The world is so loud these days. It's not just the incessant honking of horns and people standing in supermarket lines shouting into their cell phones about things only their shrinks should know. In the world of entertainment, the volume is deafening. Movies are filled with action scenes so loud they shake the theaters. Television is filled with people screaming at each other so they won't get voted off the island. And books are filled with the wails of authors whose parents done em wrong. It would seem that if you want to be noticed, you must shout. But in truth, shouting only ensures you are heard. Speaking with poise and a quiet faith in your story promises that you are listened to.
Author Dana Sachs deserves to be listened to.
Although Sachs' first novel, "If You Lived Here," is filled with dramatic moments, she does not raise her voice to draw your attention to them. Instead, as she tells the story of an American woman, Shelley, who wants to adopt a Vietnamese boy, and the story of a Vietnamese woman, Mai, who is coming to terms with her sorrow-filled past, she explores hope and tragedy in the same way they occur in reality: gradually unfolding them with expanses of real life tumbling around in between the big stuff. The defining moments in "If You Lived Here" are not when Mai does or does not reconcile with her family or when Shelley does or does not adopt the boy, but the episodes that bind these. An overnight drive that Mai and Shelley take. A letter that Shelley's husband, Martin, sends to her.
Beginning in Wilmington , North Carolina , the novel finds Shelley, after too many miscarriages and failed adoption attempts to count, at odds with Martin about adopting a Vietnamese boy. A mortician and Vietnam War vet with two grown sons, Martin has grown world weary and burdened with the realization that he does not have the energy to raise another child. He does not have the energy for all that worry one more time. But Shelley has come to see the boy as her last chance to have a child. Whether or not this is true doesn't matter. After all that Shelley has been through, it's what she believes. What she has earned the right to believe.
As Shelley obsesses about the boy, she befriends Mai, the owner of an Asian grocery store, to learn more about Vietnam . Twenty-three years earlier, following an accident she believes was her fault, Mai fled Vietnam . Technically, she was a boat person, sneaking out of the country by boat like thousands of other Vietnamese during the late 1970s and early 1980s, but her reasons set her story apart. She was not fleeing political oppression or poverty. She was fleeing a judgment that she was unable, at the age of nineteen, to bear. Her presence in Wilmington is a kind of self-imposed exile, a separation from her loved ones and any kind of Vietnamese community that might give her solace. But Shelley's appearance in her life, along with her pestering questions about Vietnam , force Mai to think about her homeland: not only the event that caused her to leave, but everything she loved about it.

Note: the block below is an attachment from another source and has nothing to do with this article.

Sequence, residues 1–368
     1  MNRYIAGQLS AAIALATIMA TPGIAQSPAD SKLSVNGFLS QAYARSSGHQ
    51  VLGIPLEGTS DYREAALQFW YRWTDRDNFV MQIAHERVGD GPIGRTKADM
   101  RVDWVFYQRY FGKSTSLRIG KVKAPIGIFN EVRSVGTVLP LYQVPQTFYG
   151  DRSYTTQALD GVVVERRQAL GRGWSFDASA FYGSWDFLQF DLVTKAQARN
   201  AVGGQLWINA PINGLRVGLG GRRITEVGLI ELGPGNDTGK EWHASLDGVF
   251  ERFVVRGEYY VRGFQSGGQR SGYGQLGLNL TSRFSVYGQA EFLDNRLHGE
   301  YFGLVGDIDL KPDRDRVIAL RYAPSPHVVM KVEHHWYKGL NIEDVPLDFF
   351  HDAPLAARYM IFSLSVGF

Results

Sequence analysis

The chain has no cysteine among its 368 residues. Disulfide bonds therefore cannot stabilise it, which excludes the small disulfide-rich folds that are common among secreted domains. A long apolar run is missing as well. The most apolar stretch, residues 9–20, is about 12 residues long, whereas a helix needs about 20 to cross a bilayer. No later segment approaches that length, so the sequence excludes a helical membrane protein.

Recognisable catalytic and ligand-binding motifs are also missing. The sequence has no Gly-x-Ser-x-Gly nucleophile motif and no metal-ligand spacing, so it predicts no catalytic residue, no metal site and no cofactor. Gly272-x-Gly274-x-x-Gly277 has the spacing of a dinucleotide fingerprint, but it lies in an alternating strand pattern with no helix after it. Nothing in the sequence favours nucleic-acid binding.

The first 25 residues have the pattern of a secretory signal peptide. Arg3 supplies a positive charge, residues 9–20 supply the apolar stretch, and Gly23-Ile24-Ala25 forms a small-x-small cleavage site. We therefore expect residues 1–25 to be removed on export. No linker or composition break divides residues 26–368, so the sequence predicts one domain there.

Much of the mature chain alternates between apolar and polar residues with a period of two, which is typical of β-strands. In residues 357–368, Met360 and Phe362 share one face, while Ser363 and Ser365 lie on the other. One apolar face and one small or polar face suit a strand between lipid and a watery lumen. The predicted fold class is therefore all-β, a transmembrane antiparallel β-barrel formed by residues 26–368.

When it is clear that Martin will not go back to Vietnam with Shelley to adopt the boy, Shelley convinces Mai to accompany her. Although the two women are not friends in the conventional sense, they are allies, and as the story follows their intersection, it becomes a meditation on the meaning of choice, and how powerful and life altering a single, simple choice can be. It is a reminder that every day you make choices both large and small, and every choice has an effect on your life. It is also a reminder that although a choice can never be undone, it does not have to be final. New choices can be made.
"If You Lived Here" is also interesting in the light that it sheds on the subjects of mortuaries and Vietnam , sometimes both at the same time. Martin's descriptions of working in a morgue in Danang during the war illuminate an entirely new aspect of what is one of the most written about episodes in American history. Yes, everyone knows about the 58,000 Americans who died over there. But Martin knows what they looked like when they died, and although Sachs never plays the gore factor, she effectively brings the point of pointless death home.
As for Vietnam , anyone who has read Sachs' book "The House on Dream Street " is aware that she knows Vietnam . She lived there. She loved there. And it is integral to her life's work. That said, it is still a difficult thing to get inside the head of a character whose culture is not your own. But Sachs' does a marvelous job of letting Mai be Vietnamese. You will find no caricature here. Nor will you find any attempts on Sachs' part to make Mai "relatable." Some of the things Mai does are just plain contrary to the American way of thinking, and Sachs, admirably, does not try to explain, quite simply because Mai would not explain, because Mai would not know there was anything that needed to be explained. She, like Shelley, is not trying to explain or rationalize herself. They are both simply telling you what it would be liked if you lived their lives. If you lived here.
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